U.S. oil major ExxonMobil has made another oil discovery at the prolific Stabroek offshore block in Guyana. This adds to around nine billion barrels of oil equivalent discovered over the past few years and paves way for future development.
The discovery was made at Whiptail-1 well at the 6.6 million acres (26,800 square kilometers) offshore block. The well encountered 246 feet (75 meters) of net pay in high-quality oil-bearing sandstone reservoirs.
The Whiptail discovery is located approximately 4 miles southeast of the Uaru-1 discovery that was announced in January 2020 and approximately 3 miles west of the Yellowtail field. Whiptail-1 is being drilled in 5,889 feet (1,795 meters) of water by Stena Drilling's Stena DrillMAX drillship.
"Drilling is also ongoing at the Whiptail-2 well, which has encountered 167 feet (51 meters) of net pay in high-quality oil-bearing sandstone reservoirs. Drilling continues at both wells to test deeper targets, and results will be evaluated for future development, ExxonMobil said.
Whiptail-2, which is located 3 miles northeast of Whiptail-1, is currently being drilled in 6,217 feet (1,895 meters) of water by the Noble Don Taylor drillship.
“This discovery increases our confidence in the resource size and quality in the southeast area of the Stabroek Block and could form the basis for a future development as we continue to evaluate the best sequence of development opportunities within the block,” said Mike Cousins, senior vice president of exploration and new ventures at ExxonMobil.
Guyana currently has only one oil production unit, the Liza Destiny FPSO at Exxon's Stabroek Block, which has been in production since December 2019. It produces around 120,000 barrels of oil per day. However, several more, larger, FPSOs are planned to be deployed in the coming years to develop the discovered oil reserves.
"ExxonMobil envisions at least six projects online by 2027 and sees potential for up to 10 projects to develop its current recoverable resource base," the company said.
The next development planned for the startup is the Liza Phase 2, which is on target for early 2022. It will be developed using the SBM Offshore supplied Liza Unity FPSO which is expected to sail from Singapore to Guyana in late August 2021. The Unity has a production capacity of approximately 220,000 barrels of oil per day.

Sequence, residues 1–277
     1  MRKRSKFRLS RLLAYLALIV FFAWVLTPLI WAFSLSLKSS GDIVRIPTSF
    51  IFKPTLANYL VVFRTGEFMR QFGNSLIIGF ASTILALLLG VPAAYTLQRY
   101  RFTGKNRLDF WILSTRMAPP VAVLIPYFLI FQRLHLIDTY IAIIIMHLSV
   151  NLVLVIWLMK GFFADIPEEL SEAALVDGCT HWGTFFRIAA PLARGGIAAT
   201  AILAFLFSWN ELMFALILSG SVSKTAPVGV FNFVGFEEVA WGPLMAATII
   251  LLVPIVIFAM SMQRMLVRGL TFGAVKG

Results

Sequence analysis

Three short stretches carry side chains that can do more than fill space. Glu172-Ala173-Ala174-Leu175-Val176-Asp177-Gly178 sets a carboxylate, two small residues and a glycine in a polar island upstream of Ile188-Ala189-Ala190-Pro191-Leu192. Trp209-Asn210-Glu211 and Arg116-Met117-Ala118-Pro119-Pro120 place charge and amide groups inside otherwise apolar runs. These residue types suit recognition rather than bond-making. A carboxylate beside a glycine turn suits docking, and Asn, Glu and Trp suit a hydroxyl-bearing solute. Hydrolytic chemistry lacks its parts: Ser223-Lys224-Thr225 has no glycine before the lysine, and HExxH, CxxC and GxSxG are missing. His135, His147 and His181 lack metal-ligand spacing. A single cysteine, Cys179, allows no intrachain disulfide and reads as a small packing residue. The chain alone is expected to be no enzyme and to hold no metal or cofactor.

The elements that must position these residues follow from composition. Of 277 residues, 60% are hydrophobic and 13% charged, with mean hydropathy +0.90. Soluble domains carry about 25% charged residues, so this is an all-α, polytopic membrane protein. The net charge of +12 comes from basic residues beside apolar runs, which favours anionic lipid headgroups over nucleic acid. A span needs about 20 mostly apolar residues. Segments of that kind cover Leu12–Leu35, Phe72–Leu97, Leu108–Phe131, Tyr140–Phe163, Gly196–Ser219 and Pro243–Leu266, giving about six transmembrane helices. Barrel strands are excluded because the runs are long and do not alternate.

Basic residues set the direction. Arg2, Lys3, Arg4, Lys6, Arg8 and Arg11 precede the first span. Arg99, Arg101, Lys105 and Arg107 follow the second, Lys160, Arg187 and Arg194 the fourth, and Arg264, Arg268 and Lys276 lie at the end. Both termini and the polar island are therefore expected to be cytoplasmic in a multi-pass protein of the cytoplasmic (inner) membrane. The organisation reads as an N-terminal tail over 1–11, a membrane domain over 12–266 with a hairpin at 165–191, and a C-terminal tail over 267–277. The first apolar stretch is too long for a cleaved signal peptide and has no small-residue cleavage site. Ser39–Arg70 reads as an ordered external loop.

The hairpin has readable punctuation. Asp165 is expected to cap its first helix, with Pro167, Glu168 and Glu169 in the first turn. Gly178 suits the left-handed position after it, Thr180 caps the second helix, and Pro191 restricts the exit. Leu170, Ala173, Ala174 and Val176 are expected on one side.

Exxon further said that the hull for the Prosperity FPSO vessel, destined for the Payara development in the same block, is complete, and topsides construction activities are ongoing in Singapore with a startup target of 2024. The first Payara development well was spudded in June 2021, and the offshore SURF installation will begin in 3Q 2021.
The fourth discovery expected to be developed is the Yellowtail, with an anticipated startup in 2025. Following necessary government approvals and a final investment decision, this project will develop the Yellowtail and Redtail fields, which are located about 19 miles (30 kilometers) southeast of the Liza developments, and potentially adjacent resources.
"These new projects continue to contribute to the advancement of the Guyanese economy. More than 2,600 Guyanese are now supporting project activities on and offshore, which reflects an increase of more than 20 percent since the end of 2019. ExxonMobil and its key contractors have spent approximately US$388 million with more than 800 local companies since 2015." ExxonMobil said.
Exxon operates the Stabroek block with 45% interest. U.S. firm Hess holds 30% interest and China's CNOOC holds 25% percent interest.
Huge FPSO appetite
According to Jim McCaul, head of IMA/WER and an expert on Floating Production Systems for more than three decades, "Guyana Has a Huge Appetite for FPSOs," summarizing:
IMA/WER's floating production report has up-to-date details and contracting status for more than 200 floater projects in the planning stage. Around 55% of these envisage use of an FPSO. Another 10% will require a production semi. The rest are LNG and floating storage projects.
The report also has details for 44 production or storage floaters on order, more than 300 floating production units in service and 44 production floaters available for redeployment contracts.